Our study showed a high frequency (30.19%) of undiagnosed TD in patients with MS, and this supported the results of Gyawali et al. [11] who reported similar prevalence in general population.

The present study showed that age older than 60 years increases the RR of developing TD in patients with MS, and this goes in line with the results reported by Singh et al. [12].

Regarding sex in this study, the RR of developing TD in patients with MS increased in female, which is in agreement with Uzunulu et al. [3] and Meng et al. [13]. This is attributed to the higher iodine requirements in females; moreover, changes in reproductive hormones also cause changes in thyroid hormone levels. In addition, some females develop autoimmune antibodies to thyroid during pregnancy, which causes postpartum subacute thyroiditis and can increase the risk of developing permanent hypothyroidism [14].

We found that obesity increased the RR of TD in patients with MS than those with overweight, supporting the results of Biondi et al. [15] who reported a positive correlation between serum leptin and serum TSH levels in obese individuals, which could reflect the positive association between TSH and BMI.

The current study showed that smoking increased the risk of TD in patients with MS than nonsmokers, which is attributed to the increase in sympathetic activity in smokers, which may promote the development of thyrotoxicosis in predisposed individuals. Immunological disturbances caused by smoking are another possibility [16].

The current study showed that an increased number of the components of MS (four or more components) leads to an increased risk of TD than those with three components, which was attributed to the hypothesis that the axis involving the hypothalamus, pituitary, thyroid, and adipose tissue was somehow disrupted [17]. Some studies suggesting that some humoral or hormonal mediators from adipose tissue stimulate the hypothalamus–pituitary–thyroid axis to increase TSH secretion. The main suspected mechanism is a possible relationship between leptin and the thyroid hormones. There is possibly a relationship between leptin and the thyroid hormones via an influence of leptin on the negative feedback regulation of thyroid hormones. Leptin regulates TRH expression [18].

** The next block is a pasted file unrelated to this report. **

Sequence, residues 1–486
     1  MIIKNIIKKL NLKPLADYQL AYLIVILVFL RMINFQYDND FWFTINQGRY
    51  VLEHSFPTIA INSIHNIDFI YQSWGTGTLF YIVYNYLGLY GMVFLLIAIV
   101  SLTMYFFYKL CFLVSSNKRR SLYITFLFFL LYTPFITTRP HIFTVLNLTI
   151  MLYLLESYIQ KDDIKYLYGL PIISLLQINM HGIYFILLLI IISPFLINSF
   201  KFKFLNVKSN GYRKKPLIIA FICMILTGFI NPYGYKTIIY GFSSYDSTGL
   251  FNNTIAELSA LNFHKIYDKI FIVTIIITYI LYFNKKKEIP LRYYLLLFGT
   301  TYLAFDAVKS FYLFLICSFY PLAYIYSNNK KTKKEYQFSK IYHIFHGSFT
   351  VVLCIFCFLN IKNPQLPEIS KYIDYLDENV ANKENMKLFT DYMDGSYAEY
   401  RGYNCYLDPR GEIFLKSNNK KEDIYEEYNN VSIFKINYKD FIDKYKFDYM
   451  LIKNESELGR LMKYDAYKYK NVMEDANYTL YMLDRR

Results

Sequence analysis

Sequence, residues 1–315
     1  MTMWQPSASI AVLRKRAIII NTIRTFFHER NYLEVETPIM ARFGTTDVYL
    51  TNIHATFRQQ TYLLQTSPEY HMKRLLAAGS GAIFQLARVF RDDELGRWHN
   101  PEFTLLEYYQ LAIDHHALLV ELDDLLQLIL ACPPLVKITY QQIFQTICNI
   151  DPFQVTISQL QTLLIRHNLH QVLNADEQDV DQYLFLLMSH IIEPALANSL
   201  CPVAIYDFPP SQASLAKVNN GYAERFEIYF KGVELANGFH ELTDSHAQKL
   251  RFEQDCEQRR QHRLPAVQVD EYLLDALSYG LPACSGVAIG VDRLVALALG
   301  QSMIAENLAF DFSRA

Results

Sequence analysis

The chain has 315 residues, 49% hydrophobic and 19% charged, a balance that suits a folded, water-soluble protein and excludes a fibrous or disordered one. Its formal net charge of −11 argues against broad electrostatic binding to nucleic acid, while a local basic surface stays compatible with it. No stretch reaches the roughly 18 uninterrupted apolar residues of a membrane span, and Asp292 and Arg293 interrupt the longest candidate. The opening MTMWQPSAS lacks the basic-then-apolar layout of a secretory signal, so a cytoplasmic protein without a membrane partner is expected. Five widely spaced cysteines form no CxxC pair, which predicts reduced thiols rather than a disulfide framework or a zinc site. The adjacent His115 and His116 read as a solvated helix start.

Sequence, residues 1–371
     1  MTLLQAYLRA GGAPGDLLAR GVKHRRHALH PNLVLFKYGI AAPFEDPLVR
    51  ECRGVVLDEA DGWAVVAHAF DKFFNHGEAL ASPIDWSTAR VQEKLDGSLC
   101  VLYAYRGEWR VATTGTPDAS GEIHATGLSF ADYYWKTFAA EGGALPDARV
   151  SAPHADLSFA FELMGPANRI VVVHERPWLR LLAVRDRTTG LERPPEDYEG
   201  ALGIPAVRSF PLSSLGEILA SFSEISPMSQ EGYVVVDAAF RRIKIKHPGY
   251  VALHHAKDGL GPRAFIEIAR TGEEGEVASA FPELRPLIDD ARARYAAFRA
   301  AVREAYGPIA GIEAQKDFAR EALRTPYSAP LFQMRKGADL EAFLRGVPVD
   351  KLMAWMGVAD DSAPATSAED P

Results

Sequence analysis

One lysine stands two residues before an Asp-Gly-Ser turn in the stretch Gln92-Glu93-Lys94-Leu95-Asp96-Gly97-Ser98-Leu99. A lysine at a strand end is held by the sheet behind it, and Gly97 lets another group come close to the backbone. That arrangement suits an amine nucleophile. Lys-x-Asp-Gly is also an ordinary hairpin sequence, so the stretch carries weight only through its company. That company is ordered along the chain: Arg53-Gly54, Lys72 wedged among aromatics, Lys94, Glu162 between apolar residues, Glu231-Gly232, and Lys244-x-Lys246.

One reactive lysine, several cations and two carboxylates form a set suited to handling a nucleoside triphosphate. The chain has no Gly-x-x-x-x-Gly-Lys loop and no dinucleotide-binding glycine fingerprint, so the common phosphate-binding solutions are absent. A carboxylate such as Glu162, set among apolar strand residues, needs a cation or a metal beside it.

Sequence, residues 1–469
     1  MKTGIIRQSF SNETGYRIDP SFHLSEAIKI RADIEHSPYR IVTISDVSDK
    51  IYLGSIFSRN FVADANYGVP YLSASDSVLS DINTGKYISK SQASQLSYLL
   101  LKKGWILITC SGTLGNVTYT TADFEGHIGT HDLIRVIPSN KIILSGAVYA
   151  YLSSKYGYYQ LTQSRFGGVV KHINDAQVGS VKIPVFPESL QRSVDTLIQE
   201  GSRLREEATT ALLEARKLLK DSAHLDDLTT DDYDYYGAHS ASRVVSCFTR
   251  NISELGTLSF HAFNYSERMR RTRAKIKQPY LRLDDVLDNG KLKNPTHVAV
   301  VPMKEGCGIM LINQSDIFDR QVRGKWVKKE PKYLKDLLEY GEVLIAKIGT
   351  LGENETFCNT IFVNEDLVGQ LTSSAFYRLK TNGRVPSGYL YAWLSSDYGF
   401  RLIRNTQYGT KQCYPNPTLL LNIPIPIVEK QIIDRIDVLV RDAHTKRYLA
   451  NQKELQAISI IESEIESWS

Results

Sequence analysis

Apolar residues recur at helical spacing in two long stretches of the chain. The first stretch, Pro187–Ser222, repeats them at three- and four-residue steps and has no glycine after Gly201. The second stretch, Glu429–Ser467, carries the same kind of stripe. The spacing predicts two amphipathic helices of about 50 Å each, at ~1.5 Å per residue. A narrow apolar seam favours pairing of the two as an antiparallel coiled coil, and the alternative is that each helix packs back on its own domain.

Regarding hypertension in the present study, it was found that overt and subclinical TD increases the risk of hypertension than euthyroid patients with MS, and this was close to the results of Roos et al. [19].

We had observed that TD increases the risk of hypercholesterolemia and hypertriglyceridemia than euthyroid patients, with similar results obtained by Serter et al. [20]. Although decreased thyroid function is accompanied by reduced activity of HMG-CoA reductase and TGs and low density lipoprotein cholesterol (LDL-C) levels are increased, this is owing to the decreased LDL-receptors’ activity, resulting in decreased catabolism of LDL [21]. Moreover, a decrease in LPL activity limits the clearance of TG-rich lipoproteins [22].

We found that the most important risk factors affected by TD in MS were marked obesity, hypertension, and hypercholesterolemia in patients admitted to medical ICU.

The current study showed that TD worsens APACHE II score than euthyroid patients with MS, thus TD worsens functional outcome in patients with MS. Similar result was obtained by Wang et al. [23], who explain this association by reduced adrenergic tone and hypometabolic state.

Finally, the present study showed that thyroid disorders increase the mortality of patients with MS than euthyroid. Similar results were obtained by Wang et al. [23], who reported that inhibition of the enzyme 5′-deiodinase, which catalyses the conversion of T4–T3, has been considered a possible mechanism responsible for increased mortality of patients with MS. Several mechanisms can contribute to the inhibition of 5’-monodeiodination and to the low serum T3 concentrations in critically ill patients: cytokines such as tumor necrosis factor (TNF), interferon alpha (IFN-α), nuclear factor kappa B (NF-κB), and interleukin 6 (IL-6), and free (nonesterified) fatty acids [24].


  Conclusion Top


Undiagnosed TD in patients with MS is common mainly in female patients, metabolic components of at least 4, age more than 60 years old, and smoking. It was affected by obesity, hypertension, and hypercholesterolemia more than other MS components, with worsened functional outcome and mortality. Early detection and management of TD may improve short-term, with subsequent long-term, prognosis.

Acknowledgements

This study was supported by Faculty of Medicine, Zagazig University, Zagazig, Egypt.

Financial support and sponsorship

Nil.

Conflicts of interest

There are no conflicts of interest.



 
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    Tables

  [Table 1], [Table 2], [Table 3], [Table 4], [Table 5], [Table 6]